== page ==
It was November in North Carolina, when I came down with a fairly severe cold. Staying as silent as possible in our small hide site, piled next to 5 other team mates, I must have also reached a fever since I was shivering while huddled in my 3-layer sleeping bag. Not wanting to be medically dropped from the course, and also just wanting to try ANYTHING to make me better, I began making cups of pine needle tea. This is before I was aware of what terpenes were and how they worked in breaking down mucus and other buildup in the body. All I knew was that my SERE instructor told me it had lots of Vitamin C in it.
I would take water from a stream, boil it, and add the pine needles. I also shared some rose-hips I’d found with my teammates. My cough was barely noticeable after the first night. A cough can often worsen when exposed to cold air. I was cautiously observant in case my conditioned worsened. It did not. My fever also quickly subsided after the first night. Quite surprisingly, nobody else on my team came down with any illness despite our close proximity sleeping in our cramped hide site. The hide site was literally in the nook of a hill where we piled branches and leaves over a few logs and made a makeshift cave. It blended in nicely with the surrounding landscape, but it was like sleeping in a sardine can. Nevertheless, I quickly beat the flu just in time for us to be thrown in a van with bags over our heads, headed to the more brutal part of our training. The rest of my time in that course could have been a disaster had it not been for the application of pine needle tea.
10 Years Later
Since I left the military, I have used this cold and flu treatment every year and have passed it along to my family with similar results. I decided this year to further refine my plant based medicine bag. After a brief search, I found three great tasting combinations you can try that will further boost the already reliable homeopathic treatment of Pine Tip Tea.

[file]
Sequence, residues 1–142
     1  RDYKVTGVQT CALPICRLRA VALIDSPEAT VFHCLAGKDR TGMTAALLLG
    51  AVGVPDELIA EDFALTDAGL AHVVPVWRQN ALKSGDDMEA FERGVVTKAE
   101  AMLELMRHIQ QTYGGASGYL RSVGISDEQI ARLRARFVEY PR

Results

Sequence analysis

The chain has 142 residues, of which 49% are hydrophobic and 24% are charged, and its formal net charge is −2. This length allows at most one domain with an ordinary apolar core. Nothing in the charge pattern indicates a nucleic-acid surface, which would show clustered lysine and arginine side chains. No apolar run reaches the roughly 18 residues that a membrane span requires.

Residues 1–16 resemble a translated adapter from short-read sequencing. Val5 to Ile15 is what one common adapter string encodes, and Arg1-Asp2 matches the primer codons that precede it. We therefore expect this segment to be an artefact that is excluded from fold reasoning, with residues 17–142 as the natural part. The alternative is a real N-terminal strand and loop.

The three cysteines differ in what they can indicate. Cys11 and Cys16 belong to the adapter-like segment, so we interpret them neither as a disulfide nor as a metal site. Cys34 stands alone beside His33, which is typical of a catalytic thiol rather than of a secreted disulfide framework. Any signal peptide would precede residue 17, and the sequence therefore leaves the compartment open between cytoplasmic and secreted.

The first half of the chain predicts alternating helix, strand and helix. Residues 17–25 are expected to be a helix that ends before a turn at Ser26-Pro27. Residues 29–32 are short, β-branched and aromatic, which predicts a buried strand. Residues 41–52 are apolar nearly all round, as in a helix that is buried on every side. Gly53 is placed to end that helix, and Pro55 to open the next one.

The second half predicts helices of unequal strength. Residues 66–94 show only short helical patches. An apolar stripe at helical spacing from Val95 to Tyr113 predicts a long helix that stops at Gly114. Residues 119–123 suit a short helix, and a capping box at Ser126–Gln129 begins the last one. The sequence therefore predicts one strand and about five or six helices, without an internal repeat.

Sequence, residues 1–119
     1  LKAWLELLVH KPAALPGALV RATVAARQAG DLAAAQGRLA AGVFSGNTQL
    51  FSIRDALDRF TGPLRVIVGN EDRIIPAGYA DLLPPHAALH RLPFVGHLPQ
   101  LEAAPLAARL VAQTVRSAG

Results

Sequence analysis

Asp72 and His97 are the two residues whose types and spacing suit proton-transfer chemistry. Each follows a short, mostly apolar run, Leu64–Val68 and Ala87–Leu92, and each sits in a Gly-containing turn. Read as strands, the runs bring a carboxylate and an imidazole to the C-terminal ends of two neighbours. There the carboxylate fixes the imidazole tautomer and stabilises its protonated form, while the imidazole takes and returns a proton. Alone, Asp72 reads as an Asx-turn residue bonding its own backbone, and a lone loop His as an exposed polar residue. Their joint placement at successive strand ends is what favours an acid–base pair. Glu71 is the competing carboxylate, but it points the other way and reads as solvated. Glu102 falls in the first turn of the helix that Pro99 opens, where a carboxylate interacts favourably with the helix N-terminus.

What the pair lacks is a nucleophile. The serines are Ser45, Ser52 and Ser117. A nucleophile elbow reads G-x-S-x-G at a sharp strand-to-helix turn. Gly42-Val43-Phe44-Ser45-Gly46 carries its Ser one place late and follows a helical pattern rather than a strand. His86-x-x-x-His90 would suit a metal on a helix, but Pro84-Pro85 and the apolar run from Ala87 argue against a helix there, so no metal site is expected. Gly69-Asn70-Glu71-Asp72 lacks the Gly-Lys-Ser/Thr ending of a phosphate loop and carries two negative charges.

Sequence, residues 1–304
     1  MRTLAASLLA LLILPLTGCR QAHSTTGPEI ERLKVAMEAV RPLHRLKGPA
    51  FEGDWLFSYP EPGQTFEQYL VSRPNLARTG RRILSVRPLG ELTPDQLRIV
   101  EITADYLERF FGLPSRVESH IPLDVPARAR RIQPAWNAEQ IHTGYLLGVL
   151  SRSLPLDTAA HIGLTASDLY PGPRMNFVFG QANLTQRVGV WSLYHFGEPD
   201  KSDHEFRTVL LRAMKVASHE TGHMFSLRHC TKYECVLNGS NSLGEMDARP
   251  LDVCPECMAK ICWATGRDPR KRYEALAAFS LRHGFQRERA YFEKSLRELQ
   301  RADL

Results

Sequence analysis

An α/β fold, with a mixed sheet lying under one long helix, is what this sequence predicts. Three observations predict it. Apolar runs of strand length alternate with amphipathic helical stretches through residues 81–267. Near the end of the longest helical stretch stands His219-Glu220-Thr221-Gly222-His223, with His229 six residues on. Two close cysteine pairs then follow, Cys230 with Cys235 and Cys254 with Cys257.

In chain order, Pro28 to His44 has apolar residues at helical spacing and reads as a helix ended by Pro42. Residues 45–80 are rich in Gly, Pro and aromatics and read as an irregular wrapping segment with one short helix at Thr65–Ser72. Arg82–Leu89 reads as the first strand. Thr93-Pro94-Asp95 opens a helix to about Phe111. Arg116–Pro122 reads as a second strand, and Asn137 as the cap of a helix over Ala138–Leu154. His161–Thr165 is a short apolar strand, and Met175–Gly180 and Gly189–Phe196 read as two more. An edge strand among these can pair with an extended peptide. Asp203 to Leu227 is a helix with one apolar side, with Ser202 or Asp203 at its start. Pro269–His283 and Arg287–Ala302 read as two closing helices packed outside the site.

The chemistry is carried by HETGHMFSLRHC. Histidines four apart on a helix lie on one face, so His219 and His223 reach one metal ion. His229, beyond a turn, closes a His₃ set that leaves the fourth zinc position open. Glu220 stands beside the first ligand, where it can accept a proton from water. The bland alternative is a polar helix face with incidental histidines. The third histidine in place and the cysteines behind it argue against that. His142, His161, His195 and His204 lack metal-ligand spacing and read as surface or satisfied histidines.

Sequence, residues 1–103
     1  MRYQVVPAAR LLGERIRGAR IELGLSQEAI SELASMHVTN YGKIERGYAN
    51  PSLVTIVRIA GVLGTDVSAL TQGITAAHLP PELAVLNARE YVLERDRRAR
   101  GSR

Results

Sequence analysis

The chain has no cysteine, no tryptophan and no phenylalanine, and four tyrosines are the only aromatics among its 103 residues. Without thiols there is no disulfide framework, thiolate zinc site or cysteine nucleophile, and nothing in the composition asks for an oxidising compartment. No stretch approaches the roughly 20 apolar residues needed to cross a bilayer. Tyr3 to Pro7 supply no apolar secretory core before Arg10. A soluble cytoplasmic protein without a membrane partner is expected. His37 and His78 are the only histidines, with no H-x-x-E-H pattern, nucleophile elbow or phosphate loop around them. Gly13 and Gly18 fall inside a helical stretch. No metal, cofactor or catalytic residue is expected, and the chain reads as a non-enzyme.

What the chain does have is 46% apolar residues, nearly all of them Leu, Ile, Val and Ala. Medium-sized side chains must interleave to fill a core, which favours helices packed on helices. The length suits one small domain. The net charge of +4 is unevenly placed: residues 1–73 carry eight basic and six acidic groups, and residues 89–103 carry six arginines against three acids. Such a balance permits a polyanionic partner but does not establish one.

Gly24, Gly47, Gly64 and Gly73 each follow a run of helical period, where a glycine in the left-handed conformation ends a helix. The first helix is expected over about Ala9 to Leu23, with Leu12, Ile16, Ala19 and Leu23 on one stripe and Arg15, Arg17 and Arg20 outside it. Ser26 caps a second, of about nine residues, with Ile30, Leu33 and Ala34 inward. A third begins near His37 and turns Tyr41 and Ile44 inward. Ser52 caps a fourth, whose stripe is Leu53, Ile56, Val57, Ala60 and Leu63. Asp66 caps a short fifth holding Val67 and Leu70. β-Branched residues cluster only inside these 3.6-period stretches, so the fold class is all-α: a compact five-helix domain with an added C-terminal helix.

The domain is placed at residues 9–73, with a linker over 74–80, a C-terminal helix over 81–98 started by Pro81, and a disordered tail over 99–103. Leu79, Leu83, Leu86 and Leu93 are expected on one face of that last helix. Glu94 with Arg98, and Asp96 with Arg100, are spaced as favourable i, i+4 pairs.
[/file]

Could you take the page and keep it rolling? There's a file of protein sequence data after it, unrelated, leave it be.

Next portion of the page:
Just as it sounds, the tips of the pine boughs can be harvested and simmered in hot water. Although any green pine needles will make an effective tea, the new growth at the ends of the pine boughs hold the freshest and most readily available nutrients. These can be harvested throughout the year, but are perhaps most potent when gathered in the spring. If properly dried, the pine tips can be kept for over a year and still maintain their potency. Keeping the dried bits in a cool, dark, dry area like a root cellar is probably the best condition for their preservation.
Why is it so Effective?
You may also be aware of turpentine, which comes from distilled pine tree sap. There is a small amount of this age-old medicine all throughout the tips of the branches as well. The plant terpenes (after which Turpentine is named) are known to prevent infection in cuts and may even help break down lymphatic buildup in your body that lead to various other illnesses. They also help break down mucus in the body which is amazing when you have a chest cold.
Pine Tip Tea pairs nicely with many other herbal remedies including thyme (used for digestive issues as well as treating coughs), camphor (a powerful cold remedy), and even onion (same). These are all useful not only in the treatment of the symptoms of a cold or flu, but they contain the ingredients your body can use to heal itself far more rapidly than it would if you just gave it drugs. The more we examine nature based medicine, we see how man-made chemicals that are engineered by billion dollar companies really only mask the symptoms of an illness yet do very little to help the body heal itself. We will do better.
Try These Three, Tea-hee